Heart and Blood Flow

Cardiac Output

Cardiac output is the volume of blood ejected from each ventricle per minute, and it is regulated by electrical and chemical factors.

Cardiac output is the volume of blood ejected from each ventricle per minute and can vary to meet changing metabolic demands. Cardiac output is calculated by multiplying stroke volume (volume of blood pumped out of one ventricle per beat) by heart rate (the number of heartbeats per minute). Cardiac output is affected by many factors, including hormones and changes in autonomic nervous system activity.

Stroke volume is determined by venous return (the volume of blood returning back to the heart, also known as preload), contractility (the force of contraction), and how much resistance the ventricles are working against in the arteries (afterload). Venous return is increased during activity. As skeletal muscles contract, the compressions on the veins act to pump blood back to the heart. When respiration increases, the changes of pressures in the thoracic and abdominal cavities act to draw blood back to the heart. The total body blood volume directly affects how much blood is available to be returned to the heart. Blood loss will decrease venous return. When changes in blood circulation occur and blood is diverted to different organs, venous return can temporarily be affected. For example, if body temperature increases, a physiological response is to increase blood flow to the skin. Until less blood is sent to other organs, there will be a decrease in the amount of blood available to return to the heart.

The relationship between stroke volume and venous return is the Frank-Starling law of the heart. This law states that when venous return increases, stroke volume increases. As with skeletal muscle, the overlap of the thick and thin filaments in the muscle cells affects the strength of muscle contraction. The myocardium operates at the low end of the curve, so when volume increases in the left ventricle, the muscle cells stretch and the myofilament overlap becomes more optimal for force generation. This increase in the strength of contraction allows the ventricles to fully empty, accommodating for the increased blood volume it is required to move.

Frank-Starling Law

The Frank-Starling law states that an increase in the venous return (how much blood returns to the heart during ventricular relaxation) results in an increase in the stroke volume, the amount of blood that is ejected from each side of the heart during one contraction.
The strength of muscle contraction when correcting for the muscle length is contractility. Contractility increases with a rise in the exposure to calcium ions, which can occur with an increased activation of the sympathetic nervous system and in the presence of various stimulating agents (epinephrine, thyroxine, glucagon, some drugs). Contractility decreases when concentrations of hydrogen ions and potassium ions increase or when exposed to calcium-blocking drugs. There is a direct correlation between contractility and stroke volume, which in turn affects cardiac output.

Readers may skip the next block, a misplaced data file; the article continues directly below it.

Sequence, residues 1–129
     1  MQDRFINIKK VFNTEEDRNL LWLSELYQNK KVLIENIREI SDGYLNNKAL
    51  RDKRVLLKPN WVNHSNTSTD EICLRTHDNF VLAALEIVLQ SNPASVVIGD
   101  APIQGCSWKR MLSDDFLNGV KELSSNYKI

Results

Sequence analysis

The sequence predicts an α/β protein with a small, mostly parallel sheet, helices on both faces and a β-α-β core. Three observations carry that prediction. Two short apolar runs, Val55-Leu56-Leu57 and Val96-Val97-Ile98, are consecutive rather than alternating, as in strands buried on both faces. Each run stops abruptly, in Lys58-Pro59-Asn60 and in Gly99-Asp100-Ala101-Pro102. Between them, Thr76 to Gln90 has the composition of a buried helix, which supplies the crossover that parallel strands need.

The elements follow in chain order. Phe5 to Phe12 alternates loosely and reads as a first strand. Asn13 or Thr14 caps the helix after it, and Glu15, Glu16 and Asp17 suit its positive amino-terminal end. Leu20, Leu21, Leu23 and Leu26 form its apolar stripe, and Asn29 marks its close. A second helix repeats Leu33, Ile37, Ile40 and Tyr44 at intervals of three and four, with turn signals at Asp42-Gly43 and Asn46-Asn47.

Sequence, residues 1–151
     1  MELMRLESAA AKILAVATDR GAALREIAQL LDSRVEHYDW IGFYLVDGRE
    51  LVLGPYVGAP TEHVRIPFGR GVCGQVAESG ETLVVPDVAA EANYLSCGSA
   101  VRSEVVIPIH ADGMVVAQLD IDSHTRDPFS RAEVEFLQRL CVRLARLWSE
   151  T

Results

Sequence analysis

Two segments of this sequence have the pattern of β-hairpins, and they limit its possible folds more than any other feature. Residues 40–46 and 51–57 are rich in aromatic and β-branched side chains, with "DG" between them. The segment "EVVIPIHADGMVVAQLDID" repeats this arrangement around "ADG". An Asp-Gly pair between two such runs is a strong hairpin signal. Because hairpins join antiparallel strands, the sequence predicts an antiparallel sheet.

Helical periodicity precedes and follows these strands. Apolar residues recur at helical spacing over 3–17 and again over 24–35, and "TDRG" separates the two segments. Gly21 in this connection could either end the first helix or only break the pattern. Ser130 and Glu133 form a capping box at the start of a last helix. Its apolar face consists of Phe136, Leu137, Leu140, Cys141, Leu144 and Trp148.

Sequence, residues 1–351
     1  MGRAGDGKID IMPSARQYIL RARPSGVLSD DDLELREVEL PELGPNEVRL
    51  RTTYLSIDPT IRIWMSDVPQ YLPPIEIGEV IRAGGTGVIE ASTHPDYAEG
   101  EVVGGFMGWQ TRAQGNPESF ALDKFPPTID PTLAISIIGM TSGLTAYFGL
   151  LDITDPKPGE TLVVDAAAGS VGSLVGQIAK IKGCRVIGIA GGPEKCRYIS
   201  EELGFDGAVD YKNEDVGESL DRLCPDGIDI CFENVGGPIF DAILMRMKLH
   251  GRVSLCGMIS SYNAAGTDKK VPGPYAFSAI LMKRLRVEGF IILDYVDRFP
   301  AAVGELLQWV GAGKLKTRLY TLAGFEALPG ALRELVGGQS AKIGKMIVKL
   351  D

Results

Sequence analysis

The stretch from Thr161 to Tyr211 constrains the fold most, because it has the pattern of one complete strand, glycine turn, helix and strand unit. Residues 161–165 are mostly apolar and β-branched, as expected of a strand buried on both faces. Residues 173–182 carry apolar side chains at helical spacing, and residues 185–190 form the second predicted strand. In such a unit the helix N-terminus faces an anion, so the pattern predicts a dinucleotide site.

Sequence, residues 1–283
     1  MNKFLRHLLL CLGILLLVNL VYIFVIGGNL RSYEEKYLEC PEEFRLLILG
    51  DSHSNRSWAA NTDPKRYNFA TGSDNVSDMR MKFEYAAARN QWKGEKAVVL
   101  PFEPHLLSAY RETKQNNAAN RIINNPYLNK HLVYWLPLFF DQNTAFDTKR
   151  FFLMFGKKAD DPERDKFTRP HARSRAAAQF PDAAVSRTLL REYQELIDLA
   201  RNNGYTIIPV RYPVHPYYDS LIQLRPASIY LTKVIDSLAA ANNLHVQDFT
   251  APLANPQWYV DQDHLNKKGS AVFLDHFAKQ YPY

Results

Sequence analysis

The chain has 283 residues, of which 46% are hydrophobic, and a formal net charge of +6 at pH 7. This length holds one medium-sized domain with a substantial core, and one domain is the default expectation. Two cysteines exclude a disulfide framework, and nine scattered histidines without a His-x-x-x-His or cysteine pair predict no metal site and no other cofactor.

Afterload is the amount of resistance the ventricles are working against in the arteries. Afterload only significantly affects cardiac output in individuals suffering from hypertension (high blood pressure). If all other factors stay the same, the stroke volume decreases as afterload increases.

Heart rate is a major contributor to changes in cardiac output. Without neural stimulation, the heartbeat would be around 100 beats/minute. Normal resting levels of healthy adults are lower, so the parasympathetic nervous system, an autonomic division of the nervous system that tends to slow down processes, acts to inhibit the firing rate of the SA node. During periods of exercise or excessive stress, the parasympathetic activity decreases, and sympathetic nervous system activity increases.

Heart rate is also influenced by hormones released by the adrenal glands and thyroid gland and by abnormal ion concentrations in the heart. Adrenal hormones, norepinephrine and epinephrine, are released in response to stress, which results in a higher heart rate. The presences of thyroid hormones increases heart rate. Individuals who do not adequately maintain normal thyroid levels suffer from hypothyroidism (low levels of thyroid hormones) or hyperthyroidism (high levels of thyroid hormones). Hypothyroidism results in a lower than normal resting heart rate, and hyperthyroidism results in an abnormally high resting heart rate. Because normal heart function involves the flow of various electrolytes, changes in these levels can disrupt heart rate. For example, potassium deficiency causes an increased heart rate while high levels result in a decreased heart rate.

Both stroke volume and heart rate are tightly regulated to ensure cardiac output meets the metabolic demands of the body. Deviations in any of the factors controlling these variables will alter the overall cardiac output of an individual.

Factors Affecting Cardiac Output

Cardiac output is the amount of blood pumped from each side of the heart in one minute. It is determined by multiplying stroke volume (the volume of blood pumped by each side of the heart per heartbeat) by heart rate (beats per minute). Several factors affect the stroke volume and heart rate.